This specification defines some JSON object properties to fulfil the same semantics as the HTTP Link headers in the previous section. These offer some advantages over Link headers, but some disadvantages.

The schemas in § 5 formally define these properties in terms of the relationship URIs (link types).

To link from JSON instance data to a transformation, use the $transformation property.

{
	"$transformation": "http://buzzword.org.uk/2008/jsonGRDDL/jsont-sample#Person",
	"name": "Joe Bloggs",
	"mbox": "joe@example.net" 
}

To link from a JSON schema to a schema transformation, use the $schemaTransformation property.

{
	"$schemaTransformation": "http://buzzword.org.uk/2008/jsonGRDDL/jsont-sample#People",
	...
}

To link from JSON instance data to a schema, use the $schema property.

{
	"$schema": "http://example.com/schema.json",
	...
}

JSON Schema allows for schemas to be given inline, thus allowing the following:

{
	"$schema": {
		"$schemaTransformation": "http://buzzword.org.uk/2008/jsonGRDDL/jsont-sample#People",
		...
	},
	...
}

3. JsonT Profile #

This section defines a profile of JsonT suitable for use with jsonGRDDL.

JsonT is a transformation language analogous to XSLT. It's very easy to implement in Javascript/ECMAScript, but essentially impossible to implement in any other language, so it's likely that any JsonT implementation in other languages will embed an ECMAScript interpreter.

jsonGRDDL transformations produce as output a string, conforming to RDF/JSON syntax [RDFJSON].

3.1. Execution Environment #

jsonGRDDL transformations should not assume that they will be evaluated in an interactive web-browser context, and should use only standard ECMAScript functionality [ECMASCRIPT]. For example, they should not try to access the document or window objects, or attempt any interaction with the user. jsonGRDDL transformations must assume the evaluation environment provides a built-in global JSON object, with the following methods:

For testing, an ECMAScript file which provides such functions can be found at <http://buzzword.org.uk/2008/jsonGRDDL/jsonobject>.

(Transformations are not required to use this built-in global object, but still need to be aware of its existance as they may need to avoid using, say, a variable called JSON.)

The transformation file may define additional objects, functions and variables to be used within the transformations.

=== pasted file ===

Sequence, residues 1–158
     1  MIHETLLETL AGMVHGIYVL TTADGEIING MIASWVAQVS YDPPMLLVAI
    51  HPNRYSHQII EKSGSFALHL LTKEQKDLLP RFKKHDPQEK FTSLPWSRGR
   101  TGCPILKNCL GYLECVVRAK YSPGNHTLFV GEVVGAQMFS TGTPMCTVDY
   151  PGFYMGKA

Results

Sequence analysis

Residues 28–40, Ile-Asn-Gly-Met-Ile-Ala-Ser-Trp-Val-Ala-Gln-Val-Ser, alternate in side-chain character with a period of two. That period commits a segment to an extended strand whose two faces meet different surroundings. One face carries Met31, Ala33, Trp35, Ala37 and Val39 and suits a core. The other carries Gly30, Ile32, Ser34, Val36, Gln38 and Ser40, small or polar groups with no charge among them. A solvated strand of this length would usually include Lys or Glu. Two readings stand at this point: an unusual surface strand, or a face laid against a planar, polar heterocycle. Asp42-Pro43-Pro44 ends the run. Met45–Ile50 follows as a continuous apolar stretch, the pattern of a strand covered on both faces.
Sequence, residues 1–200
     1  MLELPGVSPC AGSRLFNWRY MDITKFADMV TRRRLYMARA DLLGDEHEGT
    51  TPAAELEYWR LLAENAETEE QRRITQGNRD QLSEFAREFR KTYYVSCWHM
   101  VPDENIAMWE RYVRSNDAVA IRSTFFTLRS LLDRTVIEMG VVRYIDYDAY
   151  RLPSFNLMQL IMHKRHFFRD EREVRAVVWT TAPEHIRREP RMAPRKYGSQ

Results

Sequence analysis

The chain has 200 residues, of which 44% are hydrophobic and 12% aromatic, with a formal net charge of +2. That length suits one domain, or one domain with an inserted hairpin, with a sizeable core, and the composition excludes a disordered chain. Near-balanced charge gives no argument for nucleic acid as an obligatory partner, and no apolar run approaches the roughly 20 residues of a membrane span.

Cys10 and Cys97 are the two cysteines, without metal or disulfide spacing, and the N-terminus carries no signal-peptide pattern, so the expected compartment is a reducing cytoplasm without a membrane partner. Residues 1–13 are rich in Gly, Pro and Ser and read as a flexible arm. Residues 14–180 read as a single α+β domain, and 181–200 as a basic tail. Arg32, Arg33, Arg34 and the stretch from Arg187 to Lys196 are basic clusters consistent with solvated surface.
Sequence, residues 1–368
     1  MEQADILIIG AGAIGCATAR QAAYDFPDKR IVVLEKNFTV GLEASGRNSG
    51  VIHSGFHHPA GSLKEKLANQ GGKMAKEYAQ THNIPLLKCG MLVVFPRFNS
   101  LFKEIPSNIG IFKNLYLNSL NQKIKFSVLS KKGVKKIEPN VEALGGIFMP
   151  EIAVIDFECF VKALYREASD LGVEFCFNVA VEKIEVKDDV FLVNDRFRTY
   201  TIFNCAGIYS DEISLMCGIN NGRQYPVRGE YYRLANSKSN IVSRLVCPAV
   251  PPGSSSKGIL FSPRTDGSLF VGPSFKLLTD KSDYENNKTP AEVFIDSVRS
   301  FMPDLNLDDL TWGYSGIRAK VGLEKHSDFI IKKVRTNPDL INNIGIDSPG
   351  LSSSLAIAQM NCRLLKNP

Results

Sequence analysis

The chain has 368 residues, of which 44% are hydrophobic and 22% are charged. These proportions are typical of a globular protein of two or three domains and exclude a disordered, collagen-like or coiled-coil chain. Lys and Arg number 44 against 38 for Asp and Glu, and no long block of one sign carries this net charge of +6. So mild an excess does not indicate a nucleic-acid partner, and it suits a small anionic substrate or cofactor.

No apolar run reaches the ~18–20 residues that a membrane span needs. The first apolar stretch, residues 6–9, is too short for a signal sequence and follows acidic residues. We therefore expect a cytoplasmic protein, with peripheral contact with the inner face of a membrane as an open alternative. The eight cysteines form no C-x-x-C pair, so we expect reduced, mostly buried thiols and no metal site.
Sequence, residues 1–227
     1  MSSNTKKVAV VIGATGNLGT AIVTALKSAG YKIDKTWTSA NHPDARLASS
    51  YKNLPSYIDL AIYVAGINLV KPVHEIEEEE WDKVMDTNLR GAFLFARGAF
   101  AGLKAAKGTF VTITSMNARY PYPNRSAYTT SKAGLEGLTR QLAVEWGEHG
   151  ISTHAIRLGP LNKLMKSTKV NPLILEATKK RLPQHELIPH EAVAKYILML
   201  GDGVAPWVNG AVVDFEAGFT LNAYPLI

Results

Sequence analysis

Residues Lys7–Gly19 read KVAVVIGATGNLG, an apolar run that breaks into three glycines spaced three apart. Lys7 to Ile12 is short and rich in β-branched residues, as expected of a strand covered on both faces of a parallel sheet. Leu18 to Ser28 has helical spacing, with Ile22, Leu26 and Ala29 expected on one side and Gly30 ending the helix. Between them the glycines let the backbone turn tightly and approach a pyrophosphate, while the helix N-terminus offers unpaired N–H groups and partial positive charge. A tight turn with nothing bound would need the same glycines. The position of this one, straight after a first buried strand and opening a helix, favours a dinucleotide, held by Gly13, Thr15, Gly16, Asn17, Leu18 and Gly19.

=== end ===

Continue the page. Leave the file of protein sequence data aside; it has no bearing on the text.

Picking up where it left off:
jsonGRDDL transformations should assume they are being evaluated in an environment that supports at least ECMAScript 3.

3.2. Fragment Identifiers #

A transformation file, suitable for use with jsonGRDDL takes the form:

var transform1 = { ... } ;
var transform2 = { ... } ;
var transform3 = { ... } ;

Individual transformations within the script can be referenced using a URI fragment identifier as follows:

where x is the global variable name corresponding to the desired transformation. If the fragment identifier is left out of the URL, a global variable called _main is assumed.

3.3. Example Transformations #

Some sample transformations can be found here:

4. Internet Media Types #

There are several types of file used in this specification. This section outlines the Internet media types with which they should be served — that is, the Content-Type header. Implementations must ignore files which are not served as the following types.

JSON Instance Data
Publishers should use application/json, but may use application/x-json or text/x-json [JSONMEDIA].
JSON Schema
Publishers should use application/schema+json, but may use application/json, application/x-json or text/x-json [SCHEMA].
JsonT Transformation
Publishers should use application/ecmascript, but may use application/javascript, text/javascript or text/ecmascript [ECMAMEDIA].

It is strongly recommended that implementations send appropriate HTTP Accept headers [HTTP] when making requests for schemas and transformations.

5. Schemas for jsonGRDDL #

5.1. JSON Schema for jsonGRDDL-enabled Instance Data #

{
	"extends" : {"$ref" : "http://json-schema.org/hyper-schema#"},
	"properties" : {
		"$transformation" : {
			"type"        : "string",
			"optional"    : true,
			"title"       : "transformation",
			"description" : "a link to a jsonGRDDL transformation that may be applied to this data",
			"format"      : "uri"
		}
	},
	"links" : [{
		"rel"  : "http://buzzword.org.uk/2008/jsonGRDDL/terms#transformation",
		"href" : "{$transformation}"
	}]
}

A stand-alone copy of the above schema is available at http://buzzword.org.uk/2008/jsonGRDDL/transformation.schema. JSON instance data that uses '$transformation' to link to transformation directly may link to the stand-alone version:

Link: <http://buzzword.org.uk/2008/jsonGRDDL/transformation.schema>, rel="describedby"

5.2. JSON Schema for jsonGRDDL-enabled Schemas #

{
	"extends" : {"$ref" : "http://json-schema.org/hyper-schema#"},
	"properties" : {
		"$schemaTransformation" : {
			"type"        : "string",
			"optional"    : true,
			"title"       : "schema transformation",
			"description" : "a link to a jsonGRDDL transformation that may be applied to instances of this schema",
			"format"      : "uri"
		}
	},
	"links" : [{
		"rel"  : "http://buzzword.org.uk/2008/jsonGRDDL/terms#schemaTransformation",
		"href" : "{$schemaTransformation}"
	}]
}

A stand-alone copy of the above schema is available at http://buzzword.org.uk/2008/jsonGRDDL/schemaTransformation.schema. JSON schemas that use '$schemaTransformation' to provide indirect transformation links may link to the stand-alone version:

Link: <http://buzzword.org.uk/2008/jsonGRDDL/schemaTransformation.schema>, rel="describedby"

5.3. RDF Schema for jsonGRDDL-related Terms #

An RDF schema for terms related to jsonGRDDL is shown below in Turtle [TURTLE].

@prefix rdfs:  <http://www.w3.org/2000/01/rdf-schema#> .
@prefix rdf:   <http://www.w3.org/1999/02/22-rdf-syntax-ns#> .
@prefix :      <http://buzzword.org.uk/2008/jsonGRDDL/terms#> .
@prefix grddl: <http://www.w3.org/2003/g/data-view> .

:Instance
	a rdfs:Class ;
	rdfs:label "Instance"@en ;
	rdfs:subClassOf <http://ontologi.es/lang/data-languages#JSON> ;
	rdfs:subClassOf grddl:InformationResource ;

:Schema
	a rdfs:Class ;
	rdfs:label "Schema"@en ;
	rdfs:subClassOf <http://ontologi.es/lang/data-languages#JSON> ;
	rdfs:seeAlso <http://tools.ietf.org/id/draft-zyp-json-schema-02.txt> .